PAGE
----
Sunday, February 21, 2010
Final Report on BA 777 Crash at Heathrow
On January 17, 2008 a BA B-777-236ER (G-YMMM) experienced a dual engine rollback on final approach and crashed short of the runway at Heathrow Airport. British Airways Flight 38 was arriving from Beijing. UK accident investigators noted that during the flight the Boeing 777 passed through a region of particularly cold air (with ambient temperatures as low as –76 degrees C) between the Urals and Eastern Scandinavia.
The AAIB said ice in fuel lines “most probably” caused the Trent 800-equipped B-777 to lose all power just prior to landing on Runway 27L at London Heathrow. The crash heavily damaged the new jetliner, but there was no loss of life.
A second event occurred on November 28, 2008 when a Delta Air Lines B-777-200ER (N862DA) experienced a single engine rollback during cruise flight over Montana while en route from Shanghai to Atlanta.
Testing in support of the UK accident investigation led Boeing to develop procedures to help prevent ice accumulation, and to recover thrust in cases of ice blockage. As more information from the Delta rollback event was developed, Boeing modified the procedures, which became the basis of an airworthiness directive (AD) issued by the FAA. The AD requires revision of the aircraft flight manual to include in-flight procedures for pilots to follow in certain cold weather conditions and requires fuel circulation procedures on the ground when certain conditions exist.
A total of 18 safety recommendations have been made following the earlier AAIB reports into the BA incident. Boeing and Rolls-Royce have taken steps to prevent the ice phenomenon from re-occurring. The AAIB has made nine further safety recommendations, including some that address plane crashworthiness.
While on approach to London Heathrow at 720 feet agl, the right engine of G-YMMM ceased responding to autothrottle commands for increased power and instead the power reduced to 1.03 Engine Pressure Ratio (EPR). Seven seconds later the left engine power reduced to 1.02 EPR. This reduction led to a loss of airspeed and the aircraft touching down some 330 m short of the paved surface of Runway 27L.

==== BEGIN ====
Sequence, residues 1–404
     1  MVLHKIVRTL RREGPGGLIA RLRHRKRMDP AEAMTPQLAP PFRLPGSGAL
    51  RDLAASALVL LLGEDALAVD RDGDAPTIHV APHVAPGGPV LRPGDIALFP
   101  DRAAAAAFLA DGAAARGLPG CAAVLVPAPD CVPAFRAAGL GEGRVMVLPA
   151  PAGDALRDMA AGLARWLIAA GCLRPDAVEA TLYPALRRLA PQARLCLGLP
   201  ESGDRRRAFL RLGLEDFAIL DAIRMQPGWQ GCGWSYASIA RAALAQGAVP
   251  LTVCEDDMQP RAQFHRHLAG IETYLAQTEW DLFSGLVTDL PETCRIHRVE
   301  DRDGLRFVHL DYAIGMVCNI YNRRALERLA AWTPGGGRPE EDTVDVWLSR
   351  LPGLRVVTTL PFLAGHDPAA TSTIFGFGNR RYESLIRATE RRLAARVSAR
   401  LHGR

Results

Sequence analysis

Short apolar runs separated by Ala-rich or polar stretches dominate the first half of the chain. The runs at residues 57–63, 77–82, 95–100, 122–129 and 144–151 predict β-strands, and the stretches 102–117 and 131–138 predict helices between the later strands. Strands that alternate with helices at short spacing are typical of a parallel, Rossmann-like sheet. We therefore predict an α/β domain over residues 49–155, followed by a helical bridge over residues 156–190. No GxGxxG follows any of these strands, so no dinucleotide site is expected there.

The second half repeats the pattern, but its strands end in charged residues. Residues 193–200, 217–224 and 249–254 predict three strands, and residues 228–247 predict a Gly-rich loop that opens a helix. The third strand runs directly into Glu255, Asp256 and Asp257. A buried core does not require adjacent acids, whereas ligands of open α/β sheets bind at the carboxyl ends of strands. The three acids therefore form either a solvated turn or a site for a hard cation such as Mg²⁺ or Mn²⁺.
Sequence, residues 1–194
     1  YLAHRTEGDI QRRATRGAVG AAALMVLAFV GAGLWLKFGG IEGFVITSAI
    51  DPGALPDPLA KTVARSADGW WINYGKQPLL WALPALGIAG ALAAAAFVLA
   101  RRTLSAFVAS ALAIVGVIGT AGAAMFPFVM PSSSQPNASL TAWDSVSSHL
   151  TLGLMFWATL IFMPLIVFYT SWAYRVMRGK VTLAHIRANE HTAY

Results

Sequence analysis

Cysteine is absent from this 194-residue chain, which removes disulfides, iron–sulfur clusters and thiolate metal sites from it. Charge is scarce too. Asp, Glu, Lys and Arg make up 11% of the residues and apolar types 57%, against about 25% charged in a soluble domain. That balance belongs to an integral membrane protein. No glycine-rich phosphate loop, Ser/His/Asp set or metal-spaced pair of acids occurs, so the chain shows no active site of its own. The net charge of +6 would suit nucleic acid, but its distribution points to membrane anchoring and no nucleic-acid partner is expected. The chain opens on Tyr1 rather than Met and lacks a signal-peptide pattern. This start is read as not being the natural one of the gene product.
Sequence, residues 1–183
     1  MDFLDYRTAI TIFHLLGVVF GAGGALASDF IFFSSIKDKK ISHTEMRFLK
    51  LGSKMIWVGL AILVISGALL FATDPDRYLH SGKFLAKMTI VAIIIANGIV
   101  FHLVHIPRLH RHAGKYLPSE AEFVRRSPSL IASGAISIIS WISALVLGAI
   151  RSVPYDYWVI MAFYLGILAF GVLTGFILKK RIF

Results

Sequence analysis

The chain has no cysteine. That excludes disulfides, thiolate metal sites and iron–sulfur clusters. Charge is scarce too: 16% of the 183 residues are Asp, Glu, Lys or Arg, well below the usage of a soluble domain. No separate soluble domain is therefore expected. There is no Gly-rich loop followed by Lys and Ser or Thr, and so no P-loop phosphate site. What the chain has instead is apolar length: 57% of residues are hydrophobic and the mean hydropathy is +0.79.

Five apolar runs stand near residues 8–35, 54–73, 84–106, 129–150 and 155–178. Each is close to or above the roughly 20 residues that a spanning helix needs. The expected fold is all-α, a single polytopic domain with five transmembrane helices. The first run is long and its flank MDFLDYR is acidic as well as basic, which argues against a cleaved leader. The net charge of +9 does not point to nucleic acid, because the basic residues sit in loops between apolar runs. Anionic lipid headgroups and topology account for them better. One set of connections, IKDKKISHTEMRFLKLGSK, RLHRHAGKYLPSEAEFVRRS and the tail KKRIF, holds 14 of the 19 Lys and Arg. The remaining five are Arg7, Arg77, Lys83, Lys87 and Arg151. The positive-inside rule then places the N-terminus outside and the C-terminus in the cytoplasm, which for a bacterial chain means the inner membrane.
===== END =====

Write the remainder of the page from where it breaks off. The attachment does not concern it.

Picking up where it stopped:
An investigation determined that the reduction in thrust was due to restricted fuel flow to both engines. It was determined that this restriction occurred on the right engine at its Fuel Oil Heat Exchanger (FOHE). For the left engine, the investigation concluded that the restriction most likely occurred at its FOHE. However, due to limitations in available recorded data, it was not possible totally to eliminate the possibility of a restriction elsewhere in the fuel system, although the testing and data mining activity carried out for this investigation suggested that this was very unlikely. Further, the likelihood of a separate restriction mechanism occurring within seven seconds of that for the right engine was determined to be very low.
The investigation identified the following probable causal factors that led to the fuel flow restrictions:
Accreted ice from within the fuel system released, causing a restriction to the engine fuel flow at the face of the FOHE, on both of the engines.
Ice had formed within the fuel system, from water that occurred naturally in the fuel, whilst the aircraft operated with low fuel flows over a long period and the localized fuel temperatures were in an area described as the ‘sticky range’.
The FOHE, although compliant with the applicable certification requirements, was shown to be susceptible to restriction when presented with soft ice in a high concentration, with a fuel temperature that is below -10°C and a fuel flow above flight idle.
Certification requirements, with which the aircraft and engine fuel systems had to comply, did not take account of this phenomenon as the risk was unrecognized at that time.
Ramon Lopez also serves as editor-in-chief of Air Safety Week; he has been covering air safety for more than three decades (email@example.com).